Expanding education: Fortune Academy opens new school in midst of growth

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After celebrating its 20th anniversary earlier this year, Fortune Academy opened a new, separate building for its high school students. A private school for grades 1 through 12, Fortune Academy specializes in educating students with learning differences, such as dyslexia and ADD/ADHD, in the greater Indianapolis area.

Previously, all of Fortune Academy’s first- through 12th-grade students attended school in the same building at 5626 Lawton Loop E. Dr. in Lawrence. But with growing enrollment, administrators realized that their high school students needed a space of their own. Fortune Academy High School opened this year just down the street at 8902 Otis Ave.

According to research by the National Institute of Child Health and Human Development, 1 in five students are affected by dyslexia, 1 in 30 are diagnosed with a form of ADHD and more than 40 percent of students with language-based learning differences are placed in special education classes that don’t fit their unique needs.

Fortune Academy has 89 students. Of that total, 40 attend the new high school. Classes at Fortune are typically no bigger than 10 students, said Lydia Chastain, marketing director for Fortune Academy.

Because teachers work with such small classes, they are able to better get to know their students and work with them 1-on-1, freshman Carter Elder said.

“I really like it here. The class sizes are small,” Elder said while helping guide a tour around the new building at the Aug. 18 grand opening. “It feels like the teachers really care about their students and want to help.”

Jamie Sellhorn, a teacher at Fortune Academy, has a sophomore daughter, Brooke, who attends the school. Sellhorn said she’s noticed that the school’s students, including her daughter, have increased confidence because of attending the school.

“It’s amazing that transformation that happens here in kids,” Sellhorn said. “The kids that come here have really struggled in other school settings, and when they’re coming here, they begin to blossom. And they, for maybe the first time in their school career, begin to experience success and begin to kind of shift in their self-perception.”

Sellhorn said when students start to do well in school, it can be a transformation for their entire family.

“So many things change once children start to be successful in school,” she said. “Oftentimes, struggles in school go hand-i- hand with emotional frustrations and behavior challenges. It’s really amazing how those things begin to melt away once kids experience being successful at school.”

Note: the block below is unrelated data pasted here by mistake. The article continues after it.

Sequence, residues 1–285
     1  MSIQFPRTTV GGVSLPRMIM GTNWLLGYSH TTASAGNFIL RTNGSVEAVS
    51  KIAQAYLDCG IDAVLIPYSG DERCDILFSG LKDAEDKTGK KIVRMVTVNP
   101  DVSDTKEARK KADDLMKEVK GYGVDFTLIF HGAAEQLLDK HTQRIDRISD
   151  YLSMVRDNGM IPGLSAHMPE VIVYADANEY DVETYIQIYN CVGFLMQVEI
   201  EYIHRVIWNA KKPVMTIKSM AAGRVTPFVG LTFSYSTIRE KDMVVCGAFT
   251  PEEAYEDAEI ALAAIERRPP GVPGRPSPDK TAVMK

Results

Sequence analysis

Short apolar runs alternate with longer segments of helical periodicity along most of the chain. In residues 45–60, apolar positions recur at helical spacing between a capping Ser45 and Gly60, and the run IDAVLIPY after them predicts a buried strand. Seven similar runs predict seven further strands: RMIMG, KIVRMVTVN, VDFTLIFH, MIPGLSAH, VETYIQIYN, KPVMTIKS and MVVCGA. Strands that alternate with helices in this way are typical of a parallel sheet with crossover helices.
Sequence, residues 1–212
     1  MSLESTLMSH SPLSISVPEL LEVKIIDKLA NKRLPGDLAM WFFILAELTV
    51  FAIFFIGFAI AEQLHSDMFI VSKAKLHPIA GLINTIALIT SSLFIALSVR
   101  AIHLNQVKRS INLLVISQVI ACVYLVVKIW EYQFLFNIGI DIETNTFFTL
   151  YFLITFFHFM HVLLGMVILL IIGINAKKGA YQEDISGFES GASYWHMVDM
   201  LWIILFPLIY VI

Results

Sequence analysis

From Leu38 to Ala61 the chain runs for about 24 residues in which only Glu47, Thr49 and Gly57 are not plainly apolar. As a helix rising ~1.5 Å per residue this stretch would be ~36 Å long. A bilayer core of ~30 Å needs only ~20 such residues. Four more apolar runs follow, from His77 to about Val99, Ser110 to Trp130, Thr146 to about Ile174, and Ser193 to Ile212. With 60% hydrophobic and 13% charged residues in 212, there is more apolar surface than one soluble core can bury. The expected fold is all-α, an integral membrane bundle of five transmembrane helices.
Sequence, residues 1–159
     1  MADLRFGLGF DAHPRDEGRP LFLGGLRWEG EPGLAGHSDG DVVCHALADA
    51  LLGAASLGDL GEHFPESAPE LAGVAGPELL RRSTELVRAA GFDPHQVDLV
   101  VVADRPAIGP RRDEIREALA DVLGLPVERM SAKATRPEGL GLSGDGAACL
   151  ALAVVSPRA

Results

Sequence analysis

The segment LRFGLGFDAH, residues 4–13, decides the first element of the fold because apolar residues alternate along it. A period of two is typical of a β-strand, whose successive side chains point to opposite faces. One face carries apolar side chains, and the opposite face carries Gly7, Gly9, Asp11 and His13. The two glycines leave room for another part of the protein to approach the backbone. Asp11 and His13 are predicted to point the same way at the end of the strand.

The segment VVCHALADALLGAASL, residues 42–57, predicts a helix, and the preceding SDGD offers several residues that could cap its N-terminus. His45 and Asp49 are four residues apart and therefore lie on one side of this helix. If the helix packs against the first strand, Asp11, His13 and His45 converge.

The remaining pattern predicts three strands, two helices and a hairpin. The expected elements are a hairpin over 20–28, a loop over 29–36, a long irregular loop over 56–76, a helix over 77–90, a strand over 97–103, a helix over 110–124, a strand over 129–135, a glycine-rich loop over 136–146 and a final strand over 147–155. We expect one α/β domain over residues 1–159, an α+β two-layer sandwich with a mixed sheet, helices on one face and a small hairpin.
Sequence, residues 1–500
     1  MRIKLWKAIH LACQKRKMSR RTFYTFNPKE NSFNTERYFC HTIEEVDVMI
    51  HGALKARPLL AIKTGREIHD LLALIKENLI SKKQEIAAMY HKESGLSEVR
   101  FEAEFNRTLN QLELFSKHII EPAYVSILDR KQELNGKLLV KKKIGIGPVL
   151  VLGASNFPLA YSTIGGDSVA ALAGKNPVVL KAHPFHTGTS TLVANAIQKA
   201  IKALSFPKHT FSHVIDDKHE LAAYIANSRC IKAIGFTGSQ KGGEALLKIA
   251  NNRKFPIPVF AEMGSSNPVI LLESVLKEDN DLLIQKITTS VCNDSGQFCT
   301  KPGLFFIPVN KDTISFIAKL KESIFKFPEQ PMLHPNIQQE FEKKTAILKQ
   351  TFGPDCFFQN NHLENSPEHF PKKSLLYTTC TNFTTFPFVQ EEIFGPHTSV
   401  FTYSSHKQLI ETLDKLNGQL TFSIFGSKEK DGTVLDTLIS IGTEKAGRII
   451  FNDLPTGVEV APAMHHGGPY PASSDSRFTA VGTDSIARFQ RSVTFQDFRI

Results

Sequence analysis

Sellhorn said she and her family have seen Brooke go from really struggling in school to opening up and becoming a bright student after enrolling in Fortune Academy five years ago. Now, Sellhorn said Brooke loves school and, after working in the kitchen of a McAlister’s Deli for a year, wants to attend the Culinary Institute of America after graduating from high school.

Chastain said that she is proud to work for a school that is dedicated to helping the nearly 20 percent of students who have a learning disability and providing a safe learning environment for them.

“Students need a place to be able to go where they’re understood, and they can learn and be seen for who they are,” Chastain said. “We’re that place for these students and we’re home for those students. These students are falling through the cracks, unfortunately, right now, and the sooner we can get them to Fortune, the better, so they can become confident and competent members of the society that they live in.”

‘Gold standard’ accreditation

Fortune Academy is one of 13 schools in the U.S., and the only one in Indiana, that have been named an Orton Gillingham Academy accredited school, which is typically considered the “gold standard” for helping students with language-based learning differences.

All of the teachers at Fortune Academy have to complete 70 to 100 hours of training through the OGA curriculum as well as a 100-hour practicum.

Students in Jamie Sellhorn’s 5th- and 6th-grade-math class participate in an activity using beads. (Photo by Jamie Sellhorn)

Extra help

The state of Indiana recently launched the Indiana Education Scholarship Account Program to help provide tax-free scholarship funds to Indiana students who need an Individualized Education Plan or have learning differences.

Students who do not attend Fortune Academy can take advantage of its tutoring services after school. Anyone who wants to learn more about the tutoring program or donate to the Fortune Academy scholarship fund can contact Lydia Chastain at lchastain@thefortuneacademy.org.

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